January 13, 2015
January 13, 2015
Mike Tyson

Boxing - Mike Tyson v Julius Francis - Heavyweight Contest - M.E.N. Arena , Manchester - 29/1/00 Mandatory Credit:Action Images / Nick Potts Mike Tyson hits Julius Francis with a vicious left hook during his two round victory

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The lead hook is perhaps the most effective punch in any champion’s repertoire – if it is delivered correctly. A coach will insist that you work long hours on the bag, and then on the pads, to learn the basic lead hook. It is, in the main, a counter-punch and, as its name suggests, is a bent-arm shot that is used at medium and short range.

The rear hook is slightly different in that, due to it coming from the rear hand, it has to be thrown at short range – both to the head and body. It is best used as part of a combination of punches or as a counter-punch against an opponent rushing in to launch an attack.

The key points to remember when throwing a hook are:

  1. Stay in position
    Hold your head still while looking at your opponent from under your eyebrows. Make sure your rear hand is guarding the jaw, slightly below eye level. Keep your chin down, tucked against the top of your chest.
  2. Hips don’t lie
    The power comes not from the arm but mainly the hips, with a little from the shoulders. The pivot of the shoulders and hips is like a trigger mechanism and crucial to generating power.
  3. Finishing position
    The hook should land with the palm facing downwards in the amateurs but landing with the thumb up is acceptable in the pros.

Lead hook to the head

  1. From the boxing stance, the first action is to slide the front foot forwards towards your opponent – this moves you within punching range. Simultaneously push in off your back foot in order to maintain a balanced, solid base (but don’t let it come off the ground).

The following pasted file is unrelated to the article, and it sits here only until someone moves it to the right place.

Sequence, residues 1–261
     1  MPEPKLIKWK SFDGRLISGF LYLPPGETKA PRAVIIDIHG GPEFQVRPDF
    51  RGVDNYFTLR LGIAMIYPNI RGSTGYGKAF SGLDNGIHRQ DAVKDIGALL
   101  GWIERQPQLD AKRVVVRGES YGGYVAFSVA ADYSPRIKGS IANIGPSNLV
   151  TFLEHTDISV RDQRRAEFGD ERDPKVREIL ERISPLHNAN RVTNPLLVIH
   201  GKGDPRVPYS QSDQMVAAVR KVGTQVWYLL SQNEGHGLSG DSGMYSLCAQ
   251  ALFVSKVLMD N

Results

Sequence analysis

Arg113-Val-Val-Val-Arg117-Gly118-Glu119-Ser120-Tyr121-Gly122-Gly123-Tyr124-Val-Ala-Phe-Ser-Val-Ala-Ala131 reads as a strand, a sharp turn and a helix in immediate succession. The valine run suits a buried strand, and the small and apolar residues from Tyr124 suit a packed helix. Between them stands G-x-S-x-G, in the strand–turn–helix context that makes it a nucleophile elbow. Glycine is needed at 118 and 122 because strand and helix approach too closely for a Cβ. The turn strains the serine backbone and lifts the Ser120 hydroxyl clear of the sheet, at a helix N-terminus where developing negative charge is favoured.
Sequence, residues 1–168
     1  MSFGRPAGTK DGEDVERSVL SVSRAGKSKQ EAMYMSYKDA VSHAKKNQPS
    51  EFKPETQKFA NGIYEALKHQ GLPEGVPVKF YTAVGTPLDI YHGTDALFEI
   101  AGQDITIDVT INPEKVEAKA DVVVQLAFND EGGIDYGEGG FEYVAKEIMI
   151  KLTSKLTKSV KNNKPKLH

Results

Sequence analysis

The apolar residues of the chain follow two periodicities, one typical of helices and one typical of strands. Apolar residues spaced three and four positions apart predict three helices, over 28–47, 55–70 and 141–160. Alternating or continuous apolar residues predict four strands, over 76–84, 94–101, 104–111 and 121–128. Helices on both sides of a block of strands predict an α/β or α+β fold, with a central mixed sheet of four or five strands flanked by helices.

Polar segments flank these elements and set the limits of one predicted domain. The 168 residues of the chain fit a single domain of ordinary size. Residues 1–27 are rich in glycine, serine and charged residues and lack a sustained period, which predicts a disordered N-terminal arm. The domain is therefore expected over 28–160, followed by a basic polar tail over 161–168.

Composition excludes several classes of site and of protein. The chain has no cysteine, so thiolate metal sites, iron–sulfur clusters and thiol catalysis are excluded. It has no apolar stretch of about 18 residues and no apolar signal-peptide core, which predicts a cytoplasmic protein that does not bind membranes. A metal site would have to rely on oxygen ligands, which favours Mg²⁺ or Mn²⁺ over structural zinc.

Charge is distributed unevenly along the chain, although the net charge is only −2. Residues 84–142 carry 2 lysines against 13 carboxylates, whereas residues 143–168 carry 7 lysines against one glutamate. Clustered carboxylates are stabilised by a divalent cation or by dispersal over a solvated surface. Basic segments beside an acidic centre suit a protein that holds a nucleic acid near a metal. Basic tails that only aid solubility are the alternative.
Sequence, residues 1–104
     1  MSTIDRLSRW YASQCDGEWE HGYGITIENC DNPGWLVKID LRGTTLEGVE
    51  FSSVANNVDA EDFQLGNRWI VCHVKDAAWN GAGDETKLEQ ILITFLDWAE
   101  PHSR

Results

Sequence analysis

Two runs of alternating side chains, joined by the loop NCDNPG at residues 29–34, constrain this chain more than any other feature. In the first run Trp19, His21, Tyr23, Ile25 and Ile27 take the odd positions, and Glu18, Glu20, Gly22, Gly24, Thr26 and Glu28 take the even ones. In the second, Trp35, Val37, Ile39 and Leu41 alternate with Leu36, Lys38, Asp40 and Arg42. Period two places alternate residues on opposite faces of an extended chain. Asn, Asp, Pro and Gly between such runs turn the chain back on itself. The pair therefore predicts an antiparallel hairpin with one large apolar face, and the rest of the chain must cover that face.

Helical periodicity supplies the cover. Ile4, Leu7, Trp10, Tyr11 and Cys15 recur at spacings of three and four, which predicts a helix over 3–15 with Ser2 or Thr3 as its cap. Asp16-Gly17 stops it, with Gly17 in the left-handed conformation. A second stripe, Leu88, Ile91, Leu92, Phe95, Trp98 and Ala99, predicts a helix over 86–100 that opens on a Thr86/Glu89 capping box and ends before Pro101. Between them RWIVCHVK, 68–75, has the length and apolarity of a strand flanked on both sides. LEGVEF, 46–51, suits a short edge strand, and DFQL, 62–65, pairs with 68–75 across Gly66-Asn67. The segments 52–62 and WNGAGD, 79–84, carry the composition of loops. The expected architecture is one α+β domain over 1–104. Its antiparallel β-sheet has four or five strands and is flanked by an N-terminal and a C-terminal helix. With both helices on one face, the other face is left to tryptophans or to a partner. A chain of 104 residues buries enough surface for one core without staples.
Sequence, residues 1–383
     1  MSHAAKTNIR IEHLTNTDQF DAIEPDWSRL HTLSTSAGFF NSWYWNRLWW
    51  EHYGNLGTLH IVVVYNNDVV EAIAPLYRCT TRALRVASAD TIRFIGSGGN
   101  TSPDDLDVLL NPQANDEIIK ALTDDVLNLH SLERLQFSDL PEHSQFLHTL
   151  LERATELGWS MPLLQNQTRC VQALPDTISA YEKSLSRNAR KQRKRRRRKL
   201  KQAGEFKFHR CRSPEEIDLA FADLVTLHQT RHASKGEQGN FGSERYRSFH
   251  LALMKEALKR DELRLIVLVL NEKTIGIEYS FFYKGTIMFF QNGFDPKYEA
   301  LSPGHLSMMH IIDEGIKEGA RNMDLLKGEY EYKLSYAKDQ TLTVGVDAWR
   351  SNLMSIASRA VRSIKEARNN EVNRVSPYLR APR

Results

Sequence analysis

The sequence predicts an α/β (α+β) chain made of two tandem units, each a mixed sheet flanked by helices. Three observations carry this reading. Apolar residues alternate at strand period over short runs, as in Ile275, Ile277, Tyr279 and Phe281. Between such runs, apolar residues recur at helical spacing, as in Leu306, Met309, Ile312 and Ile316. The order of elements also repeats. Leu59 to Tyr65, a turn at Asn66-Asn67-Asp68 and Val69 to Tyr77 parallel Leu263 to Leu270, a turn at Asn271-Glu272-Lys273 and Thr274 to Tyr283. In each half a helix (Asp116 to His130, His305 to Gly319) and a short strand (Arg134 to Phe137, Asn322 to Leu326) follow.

1. The weight shifts slightly to the front foot as the hip and shoulders pivot violently, using the front-facing side of the body as a hinge.
  1. The front arm remains relaxed in the shape of a hook (90-degree angle at the elbow joint) and is whipped in an arc towards its target at the side of the chin.
  1. To enable the hips to pivot, the front foot swivels inwards on the ball of the foot.
  1. At impact, the palm is pointing downwards, though this is not crucial in the professional code.
  1. Keep the rear hand in a high guarding position.
  1. The punch recoil follows the same path back to the on-guard position.

Rear hook to the head

  1. From the boxing stance, the first action is to slide the left foot forwards towards your opponent – this moves you within punching range. Simultaneously push in off your back foot in order to maintain a balanced, solid base (but don’t let it come off the ground).
  1. The weight shifts to the rear foot as the hip and shoulders pivot violently around the front-facing side of the body.
  1. The rear arm remains relaxed in the shape of a hook (90-degree angle at the elbow joint) and is whipped in an arc towards its target at the side of the chin.
  1. To enable the hips to pivot, the rear foot swivels inwards on the ball of the foot.
  1. At impact, the palm is pointing downwards, though this is not crucial in the professional code.
  1. Keep the lead hand in a high guarding position.
  1. The punch recoil follows the same path back to the on-guard position.

This article is an extract from a larger piece in Total Fight Training, the ultimate guide for combat sports participants, currently available on the Boxing News app on iTunes, Google Play and from www.pocketmags.com

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